On May 14th, 2015, MISN was honoured to be involved in organizing the world premiere of Crude Gold, a series of short documentaries showcasing 4 pivotal cases of foreign-funded mining exploitation connected to Canadian investors, followed by a panel discussion with special guests from El Salvador and Colombia.
This project is timely and urgent due to the violence experienced by activists, union leaders and indigenous peoples who are in resistance to profiled mining and petroleum extraction projects. Every year in Colombia numerous union leaders, union activists and union members are assassinated. Similarly, human rights defenders are targeted, threatened and murdered in a fog of impunity and unanswered questions. The overwhelming majority of crimes and human rights violations related to the armed conflict are concentrated in regions with a major presence of mining investment.
These videos explore foreign investment conflicts, and the role and impacts to trade union members in a country that is labelled as the most dangerous place in the world to be a trade unionist. Each story highlights local activists who are confronting injustice. These brave individuals engage in union resistance, demand justice for human rights violations and raise awareness for these important issues, often at great personal cost. Working in collaboration with members of McGill Research Group Investigating Canadian Mining in Latin America (MICLA) filming took place in the summer of 2014. All footage and interviews were filmed in the affected communities.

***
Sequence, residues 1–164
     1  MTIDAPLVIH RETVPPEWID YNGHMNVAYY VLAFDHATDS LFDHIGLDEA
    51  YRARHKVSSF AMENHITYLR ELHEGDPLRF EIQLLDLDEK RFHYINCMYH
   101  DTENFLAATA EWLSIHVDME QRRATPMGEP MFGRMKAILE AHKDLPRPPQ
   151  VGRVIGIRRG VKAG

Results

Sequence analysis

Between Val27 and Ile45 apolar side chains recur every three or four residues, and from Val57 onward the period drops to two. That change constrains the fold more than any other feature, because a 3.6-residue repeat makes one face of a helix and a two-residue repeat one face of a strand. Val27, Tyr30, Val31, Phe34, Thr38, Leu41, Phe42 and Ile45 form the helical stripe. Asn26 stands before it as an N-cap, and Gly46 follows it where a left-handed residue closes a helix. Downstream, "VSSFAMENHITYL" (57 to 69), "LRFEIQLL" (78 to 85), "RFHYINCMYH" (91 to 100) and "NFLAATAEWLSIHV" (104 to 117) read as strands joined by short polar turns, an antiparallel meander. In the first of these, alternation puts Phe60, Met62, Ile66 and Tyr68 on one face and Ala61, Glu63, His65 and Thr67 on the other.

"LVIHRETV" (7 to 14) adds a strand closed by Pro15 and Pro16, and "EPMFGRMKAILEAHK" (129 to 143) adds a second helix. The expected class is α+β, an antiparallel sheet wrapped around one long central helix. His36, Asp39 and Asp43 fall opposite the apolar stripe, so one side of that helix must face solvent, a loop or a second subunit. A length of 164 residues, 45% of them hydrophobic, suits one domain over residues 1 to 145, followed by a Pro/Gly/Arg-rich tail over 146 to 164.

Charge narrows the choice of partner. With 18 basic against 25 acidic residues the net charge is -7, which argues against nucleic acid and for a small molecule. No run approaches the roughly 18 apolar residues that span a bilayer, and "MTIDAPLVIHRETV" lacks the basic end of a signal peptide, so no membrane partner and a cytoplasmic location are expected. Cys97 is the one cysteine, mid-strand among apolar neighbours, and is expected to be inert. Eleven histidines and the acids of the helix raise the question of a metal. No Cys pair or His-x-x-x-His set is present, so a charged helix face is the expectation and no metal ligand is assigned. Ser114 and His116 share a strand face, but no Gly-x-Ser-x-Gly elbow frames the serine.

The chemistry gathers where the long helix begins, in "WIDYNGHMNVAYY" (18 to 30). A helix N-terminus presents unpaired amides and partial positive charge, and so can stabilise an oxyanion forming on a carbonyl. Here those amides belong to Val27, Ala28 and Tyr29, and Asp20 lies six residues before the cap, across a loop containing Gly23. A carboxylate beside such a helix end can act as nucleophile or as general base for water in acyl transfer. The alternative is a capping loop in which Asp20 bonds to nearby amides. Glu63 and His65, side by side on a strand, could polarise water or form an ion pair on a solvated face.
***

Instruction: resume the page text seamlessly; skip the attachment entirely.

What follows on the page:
The screening of these films was followed by a panel discussion with special guests Yanira Cortez Estévez (Deputy Attorney for the Environment for the Salvadoran Human Rights Ombudsman office) and Marcos Gálvez (President of the National Executive of the Association for the Development of El Salvador and a founding member of the National Roundtable against Mining in El Salvador).
Martin Ayala also joined us via Skype, as his visa was denied. Mr. Martin Ayala is the coordinator of investigations at COS-PACC, the Social Corporation for Community Advisory and Training Services (Corporación Social para la Asesoría y Capacitación Comunitaria — COS-PACC). He was forcibly displaced during the armed conflict, and has since been contributing to the elaboration of community development plans in the oil-producing regions of the Orinoco basin. Specifically, Mr. Martín Alaya has been facilitating the organization of various social fora on the mining and energy sector issues where community, labour, farmer, and indigenous organizations come together to coordinate common responses to mega-projects that impact their communities. He is interviewed in one of the videos in the Crude Gold series.